maxing out tsp investments

THE THRIFT SAVINGS PLAN ALLOCATION GUIDE Forums Message Board maxing out tsp investments

This topic contains 6 replies, has 2 voices, and was last updated by  TS Paul 5 years, 2 months ago.

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  • #11968

    claude moore

    I believe the max contribution to the TSP is 17,500 for the year. Is it worth maxing out ones contributions if possible or would you recommend other investments, saving $$ for a house, etc.? Just curious.

    #11970

    TS Paul
    Keymaster

    I suppose that everyone’s situation is a little bit different, but I have been a big believer in maxing out tax advantaged accounts – whether that is your Thrift Savings Plan, or a traditional or Roth IRA.

    I can’t overstate the advantage of the tax advantaged accounts – either deferring taxes for decades into the future in the TSP or a traditional IRA, or having gains grow tax free forever in a Roth. But once a year is past, the opportunity to make those contributions is gone forever so I believe it is best to take full advantage as early as you can.

    Until I was maxed out in both my TSP and IRAs, I did not have any other types of investments. The reason for that is there was nothing I was saving for during that period besides the down payment for a house. (During that period, I only needed to put 5% down, so that was not going to be a great deal of money anyhow.)

    If your goal is to save for a house, remember that you can tap into those tax advantaged accounts fairly easily. You can borrow from your TSP and pay the interest to yourself, or you can make withdrawals from IRAs for the purchase of a home. (Rules for withdrawals vary depending on the type of IRA and whether or not you are a first time home buyer – a quick Google search will get you all those details).

    Thanks for the great question, and good luck.

    The TSP Allocation Guide www.TSPallocation.com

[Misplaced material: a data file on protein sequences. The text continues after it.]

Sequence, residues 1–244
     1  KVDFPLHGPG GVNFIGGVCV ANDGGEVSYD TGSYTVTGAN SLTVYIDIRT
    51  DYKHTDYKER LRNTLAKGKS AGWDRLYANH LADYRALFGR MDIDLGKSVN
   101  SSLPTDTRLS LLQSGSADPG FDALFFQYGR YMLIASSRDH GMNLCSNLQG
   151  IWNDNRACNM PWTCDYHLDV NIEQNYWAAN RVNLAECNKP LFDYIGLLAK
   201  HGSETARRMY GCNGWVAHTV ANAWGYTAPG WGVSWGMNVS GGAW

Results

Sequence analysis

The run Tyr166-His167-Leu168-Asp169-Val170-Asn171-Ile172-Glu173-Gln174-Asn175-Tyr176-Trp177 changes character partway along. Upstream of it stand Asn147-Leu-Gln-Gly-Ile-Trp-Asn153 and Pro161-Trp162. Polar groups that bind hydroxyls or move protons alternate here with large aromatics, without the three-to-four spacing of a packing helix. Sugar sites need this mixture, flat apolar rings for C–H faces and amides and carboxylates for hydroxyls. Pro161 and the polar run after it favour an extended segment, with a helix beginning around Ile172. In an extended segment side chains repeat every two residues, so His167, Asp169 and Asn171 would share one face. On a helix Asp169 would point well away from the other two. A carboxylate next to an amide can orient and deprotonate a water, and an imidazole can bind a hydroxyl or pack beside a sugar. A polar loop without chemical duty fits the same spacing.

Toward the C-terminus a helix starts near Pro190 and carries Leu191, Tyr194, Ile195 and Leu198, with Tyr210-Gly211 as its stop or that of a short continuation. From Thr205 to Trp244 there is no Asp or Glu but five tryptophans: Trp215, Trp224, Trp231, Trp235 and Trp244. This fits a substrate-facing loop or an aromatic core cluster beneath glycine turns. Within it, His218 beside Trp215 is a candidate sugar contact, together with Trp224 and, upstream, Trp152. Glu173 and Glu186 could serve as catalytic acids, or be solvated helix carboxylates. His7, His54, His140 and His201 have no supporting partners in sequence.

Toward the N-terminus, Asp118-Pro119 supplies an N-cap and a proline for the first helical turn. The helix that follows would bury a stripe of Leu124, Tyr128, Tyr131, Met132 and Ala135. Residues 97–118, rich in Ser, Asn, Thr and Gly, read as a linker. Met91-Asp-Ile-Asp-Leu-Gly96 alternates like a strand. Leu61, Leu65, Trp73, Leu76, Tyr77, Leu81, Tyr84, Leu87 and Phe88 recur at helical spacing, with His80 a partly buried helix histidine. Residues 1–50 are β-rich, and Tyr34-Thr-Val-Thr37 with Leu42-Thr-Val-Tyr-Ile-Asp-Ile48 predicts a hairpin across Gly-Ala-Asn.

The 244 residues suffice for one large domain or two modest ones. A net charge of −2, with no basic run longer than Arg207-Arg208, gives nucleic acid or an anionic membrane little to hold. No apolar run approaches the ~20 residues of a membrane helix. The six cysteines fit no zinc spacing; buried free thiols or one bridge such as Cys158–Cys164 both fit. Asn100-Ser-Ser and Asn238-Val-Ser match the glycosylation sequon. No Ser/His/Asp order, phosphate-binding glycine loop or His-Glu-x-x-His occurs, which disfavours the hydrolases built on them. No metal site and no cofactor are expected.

#12154

    claude moore

    I had a follow up question. Can one contribute to both the TSP and a non-Roth IRA? I’m assuming not, b/c TSPs and IRAs are run through one’s employer, and as a Fed, the TSP is what you get.

    Second, after maxing out a TSP, you suggested investing through a Roth-IRA. This makes sense to me, but here’s my question–the Roth IRA limit is 5,500. Let’s say after maxing out my TSP, I still had more than 5,500 to invest. How would you allocate what to put in the Roth IRA? E.g., let’s suppose I’m thinking about buying a Vanguard bond index fund or an index fund that tracks the stock market–would it make more sense to put the bond fund in a Roth IRA as opposed to the stock fund or vice-versa or no difference?

    Thanks
    C

    #12330

    TS Paul
    Keymaster

    On the first issue, you may be confusing IRAs with 401Ks. In addition to your Thrift Savings Plan contributions, you may also contribute up to $5,500 to either a Traditional or Roth IRA each year (although depending on your income level, those contributions may not be tax deductible and/or you may have to jump through a few hoops).

    Assuming you currently have both stock and bond funds, which should be in a tax-advantaged account? It boils down to how far you are from retirement. Studies show that typically if you are 15 years or more from retiring, it might make more sense to hold stocks in your IRA. Whereas if you are relatively close to retiring, you are probably better off putting the bond funds in your IRA.

    Conventional wisdom is investors should hold bonds (except for municipal bonds) in tax-protected IRAs and stocks in their taxable accounts. Intuitively, that makes sense because the interest paid on bonds is taxed annually as ordinary income. Meanwhile, stocks typically generate much less income, and that dividend income is taxed at a much lower rate – generally 15%. Long-term capital gains from stocks typically will be taxed at that 15% rate as well.

    However, stocks generally produce higher returns than bonds, and due to the magic of compounding, the differences in performance really add up over an extended period time. As a result, the return from stocks can generate a much higher tax burden than bonds over the long term.

    All the typical disclaimers apply – I am not a tax expert (not even close), so this is just my understanding based on the limited research I have done on this subject.

    The TSP Allocation Guide www.TSPallocation.com

    #12349

    claude moore

    no worries on not being a tax expert; your thinking is always insightful. just curious–any recommendations for financial planners for a mid-career fed employee in the VA area?

    #12407

    TS Paul
    Keymaster

    Sorry, I don’t have anyone I can recommend. Surely one of the hundreds of folks who browse this page each week must have one they are happy with and will post their contact info for you though.

    The TSP Allocation Guide www.TSPallocation.com

    #12408

    TS Paul
    Keymaster

    Sorry, I don’t have anyone I can recommend. Surely one of the hundreds of folks who browse this page each week must have one they are happy with and will post their contact info for you though.

    The TSP Allocation Guide www.TSPallocation.com

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